Obama’s dream of free community college is headed to Congress

Trying to make this a reality for more Americans.
Trying to make this a reality for more Americans.
Image: Reuters/Brian Snyder
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Two members of US Congress introduced a bill today (July 8), backed by the Obama administration, that would pay for two years of community and technical colleges for first-time American students.

“America’s College Promise Act,” which senator Tammy Baldwin (D-Wisconsin) and representative Bobby Scott (D-Virginia) told reporters has at least 10 Democratic Senate co-sponsors and 61 Democratic co-sponsors in the House of Representatives, is a small step in attempting to tackle the problem of skyrocketing higher education costs in the US. Though it wouldn’t likely pass in the Republican-controlled Congress, it may get some wind in its sails because of US president Barack Obama’s proposal earlier this year to grant all US students access to free community college.

More importantly, the bill exemplifies a larger nationwide push (paywall) to reduce the cost of an undergraduate degree for debt-burdened Americans. Democratic presidential candidate Bernie Sanders has gained popularity on a platform that champions free community college, and this month in Oregon lawmakers passed a bill to implement free community college for students statewide, based on a similar program already offered in Tennessee. A solid show of support could encourage lawmakers in other states and districts to propose similar measures.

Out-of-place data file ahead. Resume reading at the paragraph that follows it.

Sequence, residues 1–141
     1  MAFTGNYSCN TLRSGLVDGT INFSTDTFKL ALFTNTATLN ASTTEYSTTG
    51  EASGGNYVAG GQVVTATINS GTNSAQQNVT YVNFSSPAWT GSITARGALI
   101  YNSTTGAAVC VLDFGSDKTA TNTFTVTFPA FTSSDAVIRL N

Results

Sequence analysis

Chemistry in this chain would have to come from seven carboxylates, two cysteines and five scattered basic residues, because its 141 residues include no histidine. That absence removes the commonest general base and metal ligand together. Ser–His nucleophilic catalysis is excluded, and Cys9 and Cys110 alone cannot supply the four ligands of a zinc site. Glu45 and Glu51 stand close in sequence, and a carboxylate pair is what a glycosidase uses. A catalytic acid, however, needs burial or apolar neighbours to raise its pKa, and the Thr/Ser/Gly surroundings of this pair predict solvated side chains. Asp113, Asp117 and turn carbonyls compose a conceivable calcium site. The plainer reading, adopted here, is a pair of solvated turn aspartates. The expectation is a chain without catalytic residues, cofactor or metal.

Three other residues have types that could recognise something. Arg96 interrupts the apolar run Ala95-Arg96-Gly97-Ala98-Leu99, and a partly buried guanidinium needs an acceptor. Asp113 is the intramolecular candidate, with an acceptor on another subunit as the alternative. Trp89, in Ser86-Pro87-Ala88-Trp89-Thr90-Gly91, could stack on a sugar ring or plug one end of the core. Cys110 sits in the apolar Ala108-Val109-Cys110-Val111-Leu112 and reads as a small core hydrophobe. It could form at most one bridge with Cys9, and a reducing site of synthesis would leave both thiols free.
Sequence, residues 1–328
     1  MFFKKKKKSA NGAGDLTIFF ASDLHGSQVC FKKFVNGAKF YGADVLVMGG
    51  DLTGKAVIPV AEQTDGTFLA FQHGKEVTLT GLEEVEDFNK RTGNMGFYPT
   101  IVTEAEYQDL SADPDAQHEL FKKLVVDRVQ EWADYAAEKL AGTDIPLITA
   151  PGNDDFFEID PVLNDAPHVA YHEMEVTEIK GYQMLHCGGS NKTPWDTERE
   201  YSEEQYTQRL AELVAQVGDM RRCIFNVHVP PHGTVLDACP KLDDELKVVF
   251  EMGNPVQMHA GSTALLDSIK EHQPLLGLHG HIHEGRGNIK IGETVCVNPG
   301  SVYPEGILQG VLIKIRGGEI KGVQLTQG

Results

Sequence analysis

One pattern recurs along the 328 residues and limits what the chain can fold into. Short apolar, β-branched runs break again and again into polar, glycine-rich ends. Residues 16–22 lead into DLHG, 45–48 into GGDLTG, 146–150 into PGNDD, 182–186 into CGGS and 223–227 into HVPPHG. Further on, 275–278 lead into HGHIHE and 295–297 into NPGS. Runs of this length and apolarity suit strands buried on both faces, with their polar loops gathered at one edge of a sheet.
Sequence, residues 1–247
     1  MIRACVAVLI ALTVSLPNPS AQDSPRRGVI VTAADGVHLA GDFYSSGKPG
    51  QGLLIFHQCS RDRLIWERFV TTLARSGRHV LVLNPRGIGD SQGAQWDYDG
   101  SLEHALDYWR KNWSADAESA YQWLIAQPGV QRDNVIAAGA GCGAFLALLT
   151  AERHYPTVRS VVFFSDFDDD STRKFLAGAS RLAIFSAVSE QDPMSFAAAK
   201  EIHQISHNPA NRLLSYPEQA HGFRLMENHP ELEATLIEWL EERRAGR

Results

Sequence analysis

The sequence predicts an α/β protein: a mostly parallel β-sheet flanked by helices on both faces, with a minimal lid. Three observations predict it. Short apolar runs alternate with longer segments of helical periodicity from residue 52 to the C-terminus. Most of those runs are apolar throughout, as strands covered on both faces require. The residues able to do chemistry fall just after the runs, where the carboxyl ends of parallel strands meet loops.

The plan, which would pay for students enrolled at least half-time with satisfactory grades, would cost the federal government about $90 billion over the next decade, lawmakers said during a press call—$30 billion more than Obama’s initial estimate. Of that, about $80 billion would go toward covering 75% of the cost of community college, while states would need to pay the other 25%. The remaining $10 billion would go toward paying tuition for low-income students at four-year minority-serving institutions such as historically black colleges and Hispanic colleges. Lawmakers supporting the bill estimate that if all the states participate, nine million college students could save an average of $3,800 each per year on tuition.

“We all believe that every student in America deserves a fair shot at a higher education and a path toward the middle class,” Baldwin said during a press call. Republican lawmakers have argued that the federal government can’t afford free college tuition for all, nor can Americans afford the higher taxes needed to foot the bill. Obama has also argued that the initiative would help bridge the gap in skills between American workers and jobs.

Americans must have at least a bachelor’s degree to earn more than the median weekly wage in the country.

Under the new bill, states would have to ensure that eligible two-year community and technical colleges meet quality standards, and that credits from two-year colleges are fully transferrable to four-year schools. Currently only 16% of two-year college students actually go on to earn a bachelor’s degree. The hope is that lessening the financial burden of those first two years would help students complete a bachelor’s degree.